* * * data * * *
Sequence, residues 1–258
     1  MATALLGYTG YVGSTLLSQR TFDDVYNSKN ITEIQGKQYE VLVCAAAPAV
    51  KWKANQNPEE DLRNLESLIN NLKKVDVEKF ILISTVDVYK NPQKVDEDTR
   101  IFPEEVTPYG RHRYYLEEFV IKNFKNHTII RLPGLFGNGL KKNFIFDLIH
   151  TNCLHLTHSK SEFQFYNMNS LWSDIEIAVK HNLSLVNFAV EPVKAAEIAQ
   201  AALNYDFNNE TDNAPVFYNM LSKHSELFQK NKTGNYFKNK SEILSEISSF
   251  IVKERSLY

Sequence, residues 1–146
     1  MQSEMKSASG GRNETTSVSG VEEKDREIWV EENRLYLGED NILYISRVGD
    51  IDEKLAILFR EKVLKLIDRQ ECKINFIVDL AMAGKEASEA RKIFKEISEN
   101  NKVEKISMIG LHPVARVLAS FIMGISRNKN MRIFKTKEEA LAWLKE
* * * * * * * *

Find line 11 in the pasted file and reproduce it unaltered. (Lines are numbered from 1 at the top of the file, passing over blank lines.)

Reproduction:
   101  NKVEKISMIG LHPVARVLAS FIMGISRNKN MRIFKTKEEA LAWLKE